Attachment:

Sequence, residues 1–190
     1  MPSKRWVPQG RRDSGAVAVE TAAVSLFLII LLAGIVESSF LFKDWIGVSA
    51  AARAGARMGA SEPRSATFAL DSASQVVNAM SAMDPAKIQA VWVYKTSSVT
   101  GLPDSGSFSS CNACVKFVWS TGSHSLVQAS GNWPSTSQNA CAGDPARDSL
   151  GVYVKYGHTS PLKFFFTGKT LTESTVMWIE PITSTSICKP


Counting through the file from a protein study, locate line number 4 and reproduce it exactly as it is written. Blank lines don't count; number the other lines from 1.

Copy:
   101  GLPDSGSFSS CNACVKFVWS TGSHSLVQAS GNWPSTSQNA CAGDPARDSL